Approximately two years ago, I noticed that more and more attendees at networking events were no longer the traditional law firm associate seeking mentorship or an opportunity to spring into an in-house role, but rather men and women who had left legal practice years ago to take a full-time role at home caring for children or aging parents—a difficult balancing act faced by many in the “sandwich generation.”
I was delighted to see so many people who had been out of practice for up to 10 years, women in particular, attending these events as their life experiences and intellectual horsepower made the events much more meaningful and thought-provoking. In the past, however, no amount of intelligence and life experience would win over clients who simply wanted candidates whose experience was contemporaneous and who had stayed abreast of recent legal and regulatory changes. As such, when I learned of Legal Counsel “Returnships” taking hold in recent months, I saw the potential opportunities for this intelligent, skilled faction of the workforce.
Coined by Goldman Sachs over ten years ago and in use today by powerhouses such as Wal-Mart, Goodwin and Wayfair, a returnship, or on-ramping, is an internship for “talented professionals who are looking to restart their careers after an extended absence from the workforce.” A relatively new vehicle in the legal space, the Legal Counsel Returnship provides professionals, namely women, the opportunity to return to work at a law firm or in-house environment by taking an internship.
While these returnships offer a way back into the fray, they are not without their flaws. For instance, while the companies and law firms offering these internships receive free or considerably reduced costs for work product, the women performing the legal job duties work for free or a meager stipend for the benefit of adding the experience to their resumes. These stipends operate much in the same way a traditional college internship does without pay or with a small stipend suitable for a college student, not a more established individual with adult responsibilities.
Also, the companies and law firms operating returnship programs are the recipients of excellent PR and social buzz, while the women performing these internships often walk into politically charged environments as those employed on a full-time basis fear the loss of good projects as it is considerably cheaper to “employ” an intern. Similarly, women can be territorial. Those who have juggled both career and family—and faced many of the same experiences and obstacles as those who have stayed out of the workforce for a while—may not welcome someone who has not practiced in 10 years with open arms. And those who cannot afford child care/elder care while working an internship lose out on much needed career development opportunities when they cannot make ends meet.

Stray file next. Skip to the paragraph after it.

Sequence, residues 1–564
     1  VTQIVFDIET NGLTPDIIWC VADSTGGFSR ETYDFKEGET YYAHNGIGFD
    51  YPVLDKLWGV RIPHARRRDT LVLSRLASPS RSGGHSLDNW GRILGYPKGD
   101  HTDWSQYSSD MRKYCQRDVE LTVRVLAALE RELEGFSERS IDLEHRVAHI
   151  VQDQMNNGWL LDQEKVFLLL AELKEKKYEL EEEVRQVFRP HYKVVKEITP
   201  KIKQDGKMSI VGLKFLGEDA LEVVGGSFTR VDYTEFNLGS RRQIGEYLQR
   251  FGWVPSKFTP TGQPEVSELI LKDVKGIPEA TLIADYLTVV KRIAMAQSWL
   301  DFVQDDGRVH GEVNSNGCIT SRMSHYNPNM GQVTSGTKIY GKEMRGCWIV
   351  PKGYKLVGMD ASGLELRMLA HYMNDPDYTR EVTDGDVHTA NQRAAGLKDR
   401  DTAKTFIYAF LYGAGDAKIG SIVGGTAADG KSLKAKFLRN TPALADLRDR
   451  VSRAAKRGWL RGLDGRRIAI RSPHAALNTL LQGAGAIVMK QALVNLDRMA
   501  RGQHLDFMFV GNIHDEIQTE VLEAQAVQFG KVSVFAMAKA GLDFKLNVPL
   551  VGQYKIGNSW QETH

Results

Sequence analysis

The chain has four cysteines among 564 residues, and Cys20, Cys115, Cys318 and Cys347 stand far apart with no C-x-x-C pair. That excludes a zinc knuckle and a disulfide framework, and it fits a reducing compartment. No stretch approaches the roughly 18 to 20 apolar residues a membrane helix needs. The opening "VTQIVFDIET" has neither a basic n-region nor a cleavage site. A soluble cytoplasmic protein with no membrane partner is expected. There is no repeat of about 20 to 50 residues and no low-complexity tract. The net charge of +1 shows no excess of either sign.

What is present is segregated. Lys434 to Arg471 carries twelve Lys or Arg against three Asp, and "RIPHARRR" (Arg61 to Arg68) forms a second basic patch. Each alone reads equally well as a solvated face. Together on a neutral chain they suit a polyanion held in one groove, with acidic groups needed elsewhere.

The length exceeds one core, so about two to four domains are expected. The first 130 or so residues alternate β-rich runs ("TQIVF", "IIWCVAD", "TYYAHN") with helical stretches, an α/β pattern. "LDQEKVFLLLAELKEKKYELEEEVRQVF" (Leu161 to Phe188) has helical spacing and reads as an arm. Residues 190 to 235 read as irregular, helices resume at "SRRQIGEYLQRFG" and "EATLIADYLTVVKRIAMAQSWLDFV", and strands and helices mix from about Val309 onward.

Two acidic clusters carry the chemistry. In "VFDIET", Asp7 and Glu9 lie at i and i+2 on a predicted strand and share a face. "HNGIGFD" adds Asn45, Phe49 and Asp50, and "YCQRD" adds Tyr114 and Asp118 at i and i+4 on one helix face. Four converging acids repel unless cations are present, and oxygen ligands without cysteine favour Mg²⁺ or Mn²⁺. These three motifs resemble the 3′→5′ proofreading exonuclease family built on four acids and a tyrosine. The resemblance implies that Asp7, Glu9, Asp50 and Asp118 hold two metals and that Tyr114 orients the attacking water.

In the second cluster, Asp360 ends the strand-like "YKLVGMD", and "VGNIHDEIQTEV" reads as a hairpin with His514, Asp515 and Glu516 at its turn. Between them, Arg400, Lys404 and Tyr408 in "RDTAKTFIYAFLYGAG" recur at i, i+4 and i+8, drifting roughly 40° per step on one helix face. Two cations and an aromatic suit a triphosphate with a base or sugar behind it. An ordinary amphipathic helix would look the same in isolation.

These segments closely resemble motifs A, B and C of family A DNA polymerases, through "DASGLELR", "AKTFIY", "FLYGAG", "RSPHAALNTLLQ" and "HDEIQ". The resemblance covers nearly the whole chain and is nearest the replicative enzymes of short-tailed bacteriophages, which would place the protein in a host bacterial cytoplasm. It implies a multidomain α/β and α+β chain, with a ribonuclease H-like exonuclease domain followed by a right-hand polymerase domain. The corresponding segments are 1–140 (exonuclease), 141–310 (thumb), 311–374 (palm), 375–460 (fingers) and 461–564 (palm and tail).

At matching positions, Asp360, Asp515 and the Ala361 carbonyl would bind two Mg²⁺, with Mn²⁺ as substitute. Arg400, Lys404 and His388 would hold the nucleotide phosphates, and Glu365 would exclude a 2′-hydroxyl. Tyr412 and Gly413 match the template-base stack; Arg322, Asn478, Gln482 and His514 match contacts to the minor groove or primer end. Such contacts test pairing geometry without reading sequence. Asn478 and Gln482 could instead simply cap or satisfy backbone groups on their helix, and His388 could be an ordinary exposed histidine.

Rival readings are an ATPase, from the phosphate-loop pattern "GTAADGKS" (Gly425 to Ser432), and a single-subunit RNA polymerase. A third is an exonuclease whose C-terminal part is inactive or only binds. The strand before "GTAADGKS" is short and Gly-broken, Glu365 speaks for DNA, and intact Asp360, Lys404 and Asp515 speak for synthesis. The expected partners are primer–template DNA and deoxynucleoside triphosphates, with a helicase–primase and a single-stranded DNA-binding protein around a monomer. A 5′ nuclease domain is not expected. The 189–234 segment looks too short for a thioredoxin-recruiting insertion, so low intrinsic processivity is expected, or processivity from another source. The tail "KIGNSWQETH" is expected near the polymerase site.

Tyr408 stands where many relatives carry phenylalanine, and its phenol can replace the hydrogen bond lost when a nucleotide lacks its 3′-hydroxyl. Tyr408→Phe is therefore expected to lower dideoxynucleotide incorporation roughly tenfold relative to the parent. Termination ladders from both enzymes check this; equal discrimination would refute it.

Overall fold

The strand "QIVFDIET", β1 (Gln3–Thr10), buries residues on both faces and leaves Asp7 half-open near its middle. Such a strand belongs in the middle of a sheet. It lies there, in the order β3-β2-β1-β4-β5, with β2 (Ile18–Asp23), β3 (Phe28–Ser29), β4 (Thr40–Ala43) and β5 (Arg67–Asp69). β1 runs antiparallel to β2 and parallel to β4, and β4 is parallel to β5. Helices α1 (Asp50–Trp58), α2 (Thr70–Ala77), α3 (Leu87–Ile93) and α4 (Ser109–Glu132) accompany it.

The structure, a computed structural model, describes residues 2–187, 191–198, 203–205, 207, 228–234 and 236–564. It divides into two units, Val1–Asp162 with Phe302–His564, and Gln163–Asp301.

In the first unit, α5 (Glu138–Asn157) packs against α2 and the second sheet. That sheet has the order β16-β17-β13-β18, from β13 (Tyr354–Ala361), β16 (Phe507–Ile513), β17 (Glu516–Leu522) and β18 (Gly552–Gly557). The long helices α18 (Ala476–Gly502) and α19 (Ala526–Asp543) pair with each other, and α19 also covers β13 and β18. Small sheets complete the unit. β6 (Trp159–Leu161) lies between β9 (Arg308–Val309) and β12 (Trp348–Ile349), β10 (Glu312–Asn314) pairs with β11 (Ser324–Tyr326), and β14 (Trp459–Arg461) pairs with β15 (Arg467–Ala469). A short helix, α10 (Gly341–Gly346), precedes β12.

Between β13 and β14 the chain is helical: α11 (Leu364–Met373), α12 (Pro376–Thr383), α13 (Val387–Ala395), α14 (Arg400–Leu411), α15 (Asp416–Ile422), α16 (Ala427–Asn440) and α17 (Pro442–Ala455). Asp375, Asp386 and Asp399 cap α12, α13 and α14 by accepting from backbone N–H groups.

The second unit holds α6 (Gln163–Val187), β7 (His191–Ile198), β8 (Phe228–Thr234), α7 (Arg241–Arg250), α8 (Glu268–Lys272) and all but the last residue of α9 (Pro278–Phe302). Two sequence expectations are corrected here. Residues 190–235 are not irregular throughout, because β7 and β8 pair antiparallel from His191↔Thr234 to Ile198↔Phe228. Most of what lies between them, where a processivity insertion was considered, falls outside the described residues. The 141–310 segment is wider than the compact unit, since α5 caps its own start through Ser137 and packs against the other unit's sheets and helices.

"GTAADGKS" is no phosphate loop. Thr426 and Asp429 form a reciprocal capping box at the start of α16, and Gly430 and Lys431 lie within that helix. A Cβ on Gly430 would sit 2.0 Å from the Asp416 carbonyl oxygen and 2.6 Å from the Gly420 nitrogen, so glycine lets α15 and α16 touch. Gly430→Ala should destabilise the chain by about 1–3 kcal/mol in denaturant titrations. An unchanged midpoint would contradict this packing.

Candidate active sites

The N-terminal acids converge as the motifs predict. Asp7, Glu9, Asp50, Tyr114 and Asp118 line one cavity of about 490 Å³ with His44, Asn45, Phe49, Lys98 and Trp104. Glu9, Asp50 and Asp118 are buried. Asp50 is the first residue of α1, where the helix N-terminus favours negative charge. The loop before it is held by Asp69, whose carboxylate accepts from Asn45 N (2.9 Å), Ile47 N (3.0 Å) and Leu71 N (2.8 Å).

How to Make the Returnship Work and Flourish
Despite this initial negative assessment, the returnship has potential for many positive results, including creating a more diverse workplace in terms of ideas and experience. Also, by giving these returning attorneys opportunities to re-enter the workforce, employers are helping them rebuild their resumes and making their skill sets more relevant, which is important to organizations looking to hire full time.
With a review of the current returnship model, returnships can become mutually beneficial to both parties by taking the following steps:
Returnships are a valiant effort to bring women (and men) who have taken the time away from the office to handle important areas of their life that need attention back into the workforce. With a few thoughtful modifications to the program structure, these internships could be extremely beneficial and effective ways for diversifying the legal workforce.